All the fragments show clear signs of wear. They have been hemmed, but don't seem to have been patched. The current thickness of the fabric is 0.1 cm.
Although quite a few construction details are available from both 22 A-C and 39 A-B, the original design of the garments cannot be determined with certainty. The fragments share fundamental similarities with trousers from older finds, but it is also possible to interpret e.g. fragment 39 as part of the sleeve of a coat.

With this in mind, Hägg still believes that the two set of fragments belong to two different, but similarly designed men's trousers. Both trousers appear to have been made predominantly from lozenge twill, but other types of weaves have been used in some pieces. I wonder if the mix of weaves were to achieve specific properties (like stretch) in different pieces, or if it were a matter of taste or of economy (using "cheaper" fabric for certain pieces).
Both the type of weave and the pattern of the pieces indicate that these trousers were of the same type as represented in e.g. the early Iron Age Thorsberg find. This type is often made from lozenge twill, is tailored to tightly fit the body and is characterised by a waist band, a wide square in the back, sometimes a centre gore in the front, and long, narrow legs.
In addition to the two Thorsberg type trousers, fragments of a third and different pair of trousers were found in the harbour. The fragments 72 A-B belong to the front and crotch area, while fragment 91 A comes from the upper front of the trousers. All of the fragments are made from a thin tabby woven cloth.

Fragment 72 A-B. Reste von Vorderseite und Schritt einer Männerhose aus dünnem Stoff in Tuchbindung.
Fragment 72 A: Aus sieben verschiedenen, symmetrisch geordneten Teilen zusammengenäht (Teile a-g). Stoffstärke, Teil a, 0,1 cm, Teile b-g und Fragment 72 B, 0,05 cm. Teil a: Garndrehung z/z. Bandförmiger Zwickel aus feinem, rötlichen Gewebe in ripsartiger Tuchbindung mit Falten. Nach oben abgerissen, seitlich und unten Schnittkanten und Nähte erhalten. Höhe 12,5 cm, Breite 5-7 cm. Teil b: Garndrehung z/z. Rechteck aus feinem, grünlichen Stoff in Tuchbindung mit niedrigen Falten, unregelmäßig verteilt wie bei einem Kreppgewebe, und mit starken, länglichen Gebrauchsspuren am Rücken jeder Falte. Eine Kante des Stückes mit Teil a zusammengenäht (Naht 1), die übrigen abgerissen. Länge 10 cm, Breite 14 cm. Teil c: Garndrehung z/z. Dünnes, rötliches Gewebe in sehr feiner Tuchbindung mit dichten Fältchen. Durch doppelte Stichreihen (Nähte 4-5) mit den Teilstücken a, b und e verbunden. Die übrigen Kanten abgerieben und abgerissen. Teil d: Garndrehung z/s. Sehr wenig erhalten. Gegenstück zu Teil c und wie dieses aus dünnem, sehr feinem rötlichen Gewebe in Tuchbindung mit Fältchen. Teile e-f: Garndrehung z/s. Wenig erhalten, Gewebe schräg gezogen und größtenteils aufgelöst, aber deutlich in Tuchbindung mit Falten. Beide Teile von grünlicher Farbe. Teil g: Nur noch ausgefranste Kett- und Schußfäden (z/s) und vereinzelte Stiche vorhanden.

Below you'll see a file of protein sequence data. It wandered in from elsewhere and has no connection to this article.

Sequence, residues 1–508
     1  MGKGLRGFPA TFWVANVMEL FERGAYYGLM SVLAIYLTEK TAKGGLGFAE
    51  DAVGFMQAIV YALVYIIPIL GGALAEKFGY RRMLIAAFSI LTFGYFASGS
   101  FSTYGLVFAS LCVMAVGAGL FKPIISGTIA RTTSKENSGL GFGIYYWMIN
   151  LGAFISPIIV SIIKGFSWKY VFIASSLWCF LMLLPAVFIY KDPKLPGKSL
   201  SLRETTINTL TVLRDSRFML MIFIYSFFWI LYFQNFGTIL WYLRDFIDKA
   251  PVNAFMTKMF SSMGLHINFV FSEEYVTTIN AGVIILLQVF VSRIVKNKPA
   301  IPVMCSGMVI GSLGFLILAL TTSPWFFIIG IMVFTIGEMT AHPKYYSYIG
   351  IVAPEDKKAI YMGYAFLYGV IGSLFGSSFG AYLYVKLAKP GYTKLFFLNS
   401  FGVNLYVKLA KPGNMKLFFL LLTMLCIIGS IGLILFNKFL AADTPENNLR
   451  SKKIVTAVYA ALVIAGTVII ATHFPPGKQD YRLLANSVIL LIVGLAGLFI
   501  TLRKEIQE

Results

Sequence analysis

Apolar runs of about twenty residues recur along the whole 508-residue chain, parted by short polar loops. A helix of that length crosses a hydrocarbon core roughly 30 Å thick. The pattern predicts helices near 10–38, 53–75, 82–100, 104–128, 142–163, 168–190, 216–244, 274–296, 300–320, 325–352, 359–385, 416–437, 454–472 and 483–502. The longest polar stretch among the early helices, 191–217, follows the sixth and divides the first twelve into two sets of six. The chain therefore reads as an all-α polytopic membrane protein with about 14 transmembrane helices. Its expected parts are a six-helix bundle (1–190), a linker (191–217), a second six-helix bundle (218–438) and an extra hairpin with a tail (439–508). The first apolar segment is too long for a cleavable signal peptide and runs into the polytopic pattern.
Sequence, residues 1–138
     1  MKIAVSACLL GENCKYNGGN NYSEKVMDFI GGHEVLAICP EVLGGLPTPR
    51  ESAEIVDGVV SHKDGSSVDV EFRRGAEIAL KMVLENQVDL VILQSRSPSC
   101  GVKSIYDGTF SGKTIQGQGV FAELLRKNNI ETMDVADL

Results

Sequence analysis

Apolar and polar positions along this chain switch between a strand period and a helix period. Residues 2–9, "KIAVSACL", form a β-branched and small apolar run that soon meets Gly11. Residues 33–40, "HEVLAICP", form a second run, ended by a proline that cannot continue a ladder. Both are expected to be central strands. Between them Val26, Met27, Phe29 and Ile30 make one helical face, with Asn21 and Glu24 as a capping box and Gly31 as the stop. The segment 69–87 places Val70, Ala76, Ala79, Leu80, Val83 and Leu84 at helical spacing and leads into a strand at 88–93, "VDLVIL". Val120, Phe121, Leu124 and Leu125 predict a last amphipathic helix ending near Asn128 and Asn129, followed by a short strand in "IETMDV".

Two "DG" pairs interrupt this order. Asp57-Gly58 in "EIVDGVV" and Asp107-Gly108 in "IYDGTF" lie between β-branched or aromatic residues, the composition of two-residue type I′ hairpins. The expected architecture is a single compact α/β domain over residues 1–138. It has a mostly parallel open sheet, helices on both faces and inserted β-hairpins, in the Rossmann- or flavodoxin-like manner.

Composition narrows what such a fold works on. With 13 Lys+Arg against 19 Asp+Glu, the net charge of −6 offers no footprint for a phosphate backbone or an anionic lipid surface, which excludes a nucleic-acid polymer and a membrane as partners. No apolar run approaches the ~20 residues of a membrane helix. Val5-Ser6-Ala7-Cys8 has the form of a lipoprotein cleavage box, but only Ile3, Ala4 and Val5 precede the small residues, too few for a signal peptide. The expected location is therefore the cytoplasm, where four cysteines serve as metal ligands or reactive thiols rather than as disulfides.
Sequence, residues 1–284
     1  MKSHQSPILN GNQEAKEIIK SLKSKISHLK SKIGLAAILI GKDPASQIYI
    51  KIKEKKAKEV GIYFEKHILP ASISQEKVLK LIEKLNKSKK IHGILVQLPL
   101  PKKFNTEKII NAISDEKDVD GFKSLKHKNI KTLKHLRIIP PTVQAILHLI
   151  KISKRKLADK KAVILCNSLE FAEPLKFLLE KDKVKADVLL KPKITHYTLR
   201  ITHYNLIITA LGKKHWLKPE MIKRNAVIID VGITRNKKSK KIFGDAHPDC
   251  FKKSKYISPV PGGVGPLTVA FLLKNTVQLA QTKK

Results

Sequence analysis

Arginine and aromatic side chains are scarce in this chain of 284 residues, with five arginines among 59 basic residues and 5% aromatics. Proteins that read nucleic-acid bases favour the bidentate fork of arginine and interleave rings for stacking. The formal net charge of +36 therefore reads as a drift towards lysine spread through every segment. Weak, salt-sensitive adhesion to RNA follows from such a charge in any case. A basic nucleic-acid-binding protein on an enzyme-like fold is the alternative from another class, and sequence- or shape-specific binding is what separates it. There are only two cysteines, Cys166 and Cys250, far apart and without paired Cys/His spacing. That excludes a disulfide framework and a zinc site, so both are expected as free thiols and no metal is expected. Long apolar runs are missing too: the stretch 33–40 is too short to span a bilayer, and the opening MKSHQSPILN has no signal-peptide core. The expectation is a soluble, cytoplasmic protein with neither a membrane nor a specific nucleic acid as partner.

Inga Hägg: Die Textilfunde aus dem Hafen von Haithabu, p 34
Fragment 72 A consists of seven symmetrically placed different pieces (a-g) that have been stitched together:

Fragment a: A long, narrow gore of fine reddish cloth in tabby weave with wrinkles. It has been torn at the top, but the edges and seams at the side and bottom has been preserved. The piece is 12.5 cm high, 5-7 cm wide and woven from z/z yarn.

Fragment b: A rectangle of a fine green cloth in tabby weave. The fragment has shallow wrinkles irregluarly distributed across it, like crepe fabric, and there are clear traces of wear on the back of each wrinkle. One edge of the rectangle has been stitched to fragment 72 Aa (seam 1 in the illustration), the other edges are torn. The piece is 10 cm long and 14 cm wide and woven from z/z yarn.

Fragment c: Thin reddish very finely woven tabby weave with dense wrinkles. Fastened to fragment a, b and e with double rows of stitches (seam 4-5). The remaining edges are worn and torn. The piece is woven from z/z yarn.
Fragment d: This piece is the mirror piece to 72 Ac, but is very poorly preserved. Like piece 72 Ac it is made from a very finely woven reddish tabby with wrinkles. It is woven from z/s yarn.
Fragments e-f: The fabric in these fragments has been pulled at an angle and is almost totally deteriorated, but there is still enough left to see that they were made from a tabby weave with wrinkles. Both pieces have a greenish colour and were woven from z/s yarn.

Fragment g: Only jagged warp and weft threads (z/s) and isolated stitches remain. http://urd.priv.no/pics/viking/hafen-72Aa-e.png http://urd.priv.no/pics/viking/hafen-72Aa-b.png http://urd.priv.no/pics/viking/hafen-72B-300.png